In reality: Huge. The transition is made because we can, for the first time, move into a 3D environment while maintaining the quality of the graphics, and this opens up huge gameplay opportunities. So the changes come from a position of strength. One of the key reactions when we demo the game is that once people start to play, they immediately recognise the spirit of the game as fundamentally an adventure but with more dynamic gameplay, a varied pace and much greater levels of cinematography.

Now that we have mentioned BS3, let's keep talking about it. In between your first thought of making a new BS and the final game we'll soon enjoy, I guess there were some 'preliminary versions' of the game which didn't make it at the end. Tell us about these versions, or, if there actually weren't any, how did you got the idea of making something like BS3 when you first thought of it?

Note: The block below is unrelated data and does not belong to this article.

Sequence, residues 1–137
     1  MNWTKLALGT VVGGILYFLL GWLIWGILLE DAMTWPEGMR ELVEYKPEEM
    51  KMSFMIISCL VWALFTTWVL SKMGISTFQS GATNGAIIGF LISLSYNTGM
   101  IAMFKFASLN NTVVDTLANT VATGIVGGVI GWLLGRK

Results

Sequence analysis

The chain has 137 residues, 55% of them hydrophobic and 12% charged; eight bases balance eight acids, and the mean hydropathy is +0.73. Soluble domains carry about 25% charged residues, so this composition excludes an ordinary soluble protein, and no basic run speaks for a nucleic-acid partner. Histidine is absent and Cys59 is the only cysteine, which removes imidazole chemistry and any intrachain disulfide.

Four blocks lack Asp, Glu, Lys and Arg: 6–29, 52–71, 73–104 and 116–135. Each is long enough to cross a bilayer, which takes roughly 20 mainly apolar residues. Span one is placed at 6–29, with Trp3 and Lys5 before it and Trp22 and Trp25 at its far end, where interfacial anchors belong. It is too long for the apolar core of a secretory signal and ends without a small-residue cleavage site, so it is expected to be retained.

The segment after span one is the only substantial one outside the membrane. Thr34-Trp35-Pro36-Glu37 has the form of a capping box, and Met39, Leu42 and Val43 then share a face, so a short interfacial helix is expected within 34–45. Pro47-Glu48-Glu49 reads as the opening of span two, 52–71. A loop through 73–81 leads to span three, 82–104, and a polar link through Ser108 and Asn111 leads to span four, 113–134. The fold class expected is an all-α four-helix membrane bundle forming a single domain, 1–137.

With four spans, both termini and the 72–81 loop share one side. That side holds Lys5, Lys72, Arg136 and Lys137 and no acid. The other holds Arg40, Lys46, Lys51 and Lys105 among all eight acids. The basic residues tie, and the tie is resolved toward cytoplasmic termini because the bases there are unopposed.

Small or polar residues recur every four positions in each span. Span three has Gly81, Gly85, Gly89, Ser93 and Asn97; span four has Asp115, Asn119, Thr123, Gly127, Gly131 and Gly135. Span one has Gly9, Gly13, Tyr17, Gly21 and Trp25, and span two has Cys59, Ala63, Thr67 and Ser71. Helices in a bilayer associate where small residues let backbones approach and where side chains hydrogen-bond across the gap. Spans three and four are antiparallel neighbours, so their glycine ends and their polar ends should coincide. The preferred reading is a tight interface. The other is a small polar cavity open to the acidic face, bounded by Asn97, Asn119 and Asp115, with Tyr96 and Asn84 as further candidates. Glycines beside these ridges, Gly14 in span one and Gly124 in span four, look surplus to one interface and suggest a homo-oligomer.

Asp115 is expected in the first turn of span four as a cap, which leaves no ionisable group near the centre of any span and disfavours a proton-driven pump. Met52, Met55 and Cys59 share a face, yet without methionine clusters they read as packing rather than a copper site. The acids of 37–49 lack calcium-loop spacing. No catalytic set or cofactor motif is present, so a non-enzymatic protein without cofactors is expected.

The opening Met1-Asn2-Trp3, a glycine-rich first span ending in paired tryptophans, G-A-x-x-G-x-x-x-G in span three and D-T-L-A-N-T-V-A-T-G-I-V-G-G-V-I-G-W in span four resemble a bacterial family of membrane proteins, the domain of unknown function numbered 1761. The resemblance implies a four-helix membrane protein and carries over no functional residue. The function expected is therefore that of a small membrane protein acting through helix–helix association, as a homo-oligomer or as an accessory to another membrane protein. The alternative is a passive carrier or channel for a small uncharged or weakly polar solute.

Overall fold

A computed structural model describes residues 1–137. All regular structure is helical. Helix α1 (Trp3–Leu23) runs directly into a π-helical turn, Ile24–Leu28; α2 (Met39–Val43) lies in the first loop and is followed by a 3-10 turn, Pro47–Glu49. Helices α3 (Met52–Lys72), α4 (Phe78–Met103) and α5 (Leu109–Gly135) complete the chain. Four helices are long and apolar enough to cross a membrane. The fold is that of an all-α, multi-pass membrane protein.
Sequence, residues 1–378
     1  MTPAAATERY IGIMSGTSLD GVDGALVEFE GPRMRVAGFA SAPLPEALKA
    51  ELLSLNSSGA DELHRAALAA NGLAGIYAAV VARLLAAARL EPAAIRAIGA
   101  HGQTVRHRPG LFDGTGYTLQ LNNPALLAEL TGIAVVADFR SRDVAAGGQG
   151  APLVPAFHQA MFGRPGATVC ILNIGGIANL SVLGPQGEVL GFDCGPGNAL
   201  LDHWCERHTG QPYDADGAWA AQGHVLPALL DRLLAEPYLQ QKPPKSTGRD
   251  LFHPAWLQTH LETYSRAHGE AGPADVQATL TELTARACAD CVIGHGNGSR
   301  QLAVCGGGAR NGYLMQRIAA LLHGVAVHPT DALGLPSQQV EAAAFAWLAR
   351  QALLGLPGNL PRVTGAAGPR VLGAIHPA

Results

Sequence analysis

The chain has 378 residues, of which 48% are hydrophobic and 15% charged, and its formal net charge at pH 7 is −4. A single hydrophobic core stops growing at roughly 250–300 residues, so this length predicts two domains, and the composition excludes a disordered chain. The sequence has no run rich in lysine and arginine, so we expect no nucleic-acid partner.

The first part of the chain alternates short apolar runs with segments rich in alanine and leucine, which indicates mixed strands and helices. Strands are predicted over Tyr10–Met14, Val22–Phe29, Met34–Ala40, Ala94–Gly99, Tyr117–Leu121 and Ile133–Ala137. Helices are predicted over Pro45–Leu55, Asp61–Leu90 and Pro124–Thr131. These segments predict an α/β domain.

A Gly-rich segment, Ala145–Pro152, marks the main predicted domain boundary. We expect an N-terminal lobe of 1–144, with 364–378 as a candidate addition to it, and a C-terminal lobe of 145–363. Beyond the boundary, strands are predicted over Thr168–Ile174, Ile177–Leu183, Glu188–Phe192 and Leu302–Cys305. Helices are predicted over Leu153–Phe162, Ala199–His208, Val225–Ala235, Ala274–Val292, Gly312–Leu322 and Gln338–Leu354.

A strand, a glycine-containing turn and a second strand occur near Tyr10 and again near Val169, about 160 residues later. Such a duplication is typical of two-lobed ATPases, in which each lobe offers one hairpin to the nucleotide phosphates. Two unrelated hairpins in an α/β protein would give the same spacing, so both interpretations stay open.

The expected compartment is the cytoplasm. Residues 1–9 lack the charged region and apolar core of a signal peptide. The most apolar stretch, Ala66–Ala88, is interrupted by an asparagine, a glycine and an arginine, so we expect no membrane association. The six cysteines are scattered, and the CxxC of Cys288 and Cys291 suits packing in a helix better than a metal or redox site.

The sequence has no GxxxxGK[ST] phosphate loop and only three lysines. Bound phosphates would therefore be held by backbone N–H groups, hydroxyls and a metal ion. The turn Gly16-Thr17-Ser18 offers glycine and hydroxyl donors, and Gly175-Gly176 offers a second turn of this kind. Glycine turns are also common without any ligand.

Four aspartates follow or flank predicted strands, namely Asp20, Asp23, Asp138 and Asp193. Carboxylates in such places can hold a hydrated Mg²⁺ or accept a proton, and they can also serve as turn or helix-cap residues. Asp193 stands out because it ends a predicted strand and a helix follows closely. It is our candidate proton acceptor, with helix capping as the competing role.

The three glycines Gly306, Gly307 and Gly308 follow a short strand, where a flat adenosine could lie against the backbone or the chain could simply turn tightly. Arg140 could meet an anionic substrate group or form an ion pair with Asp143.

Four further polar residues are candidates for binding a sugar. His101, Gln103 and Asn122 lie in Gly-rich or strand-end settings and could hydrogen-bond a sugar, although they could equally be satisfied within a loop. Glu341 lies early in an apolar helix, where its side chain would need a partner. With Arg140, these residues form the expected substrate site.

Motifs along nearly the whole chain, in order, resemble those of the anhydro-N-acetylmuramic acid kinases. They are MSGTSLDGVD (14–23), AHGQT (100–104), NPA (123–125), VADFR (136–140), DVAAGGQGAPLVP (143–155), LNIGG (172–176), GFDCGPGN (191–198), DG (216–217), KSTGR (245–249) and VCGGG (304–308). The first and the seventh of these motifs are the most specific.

Broken Sword: The Sleeping Dragon has been on our minds since we completed Broken Sword 2. We wanted to wait until technology allowed us to make a really big leap, rather than simply updating the engine, as we did for the first sequel. That technology is now here – the next generation consoles are perfectly adequate for accommodating our vision. Although you could consider the GBA version of Broken Sword a small progression, the move to direct control taught us a lot. Despite it being very similar to the original, the player could move George around directly within the Broken Sword world. I greatly regret that we didn’t go to direct control for the PlayStation one version!

It seems that lately in the gaming world the prevailing thing is to make a quick best-seller and then get the product forgotten; games don't last in players' memory anymore. We are aware that you, as a designer, wish your games to stay for months on the shelves, pretty much in the way a sculpter wishes his work to be admired for generations. We sincerely can't understand how people can give themselves away to the market. You've been in the industry for some years now, please tell us, why do you think this is happening?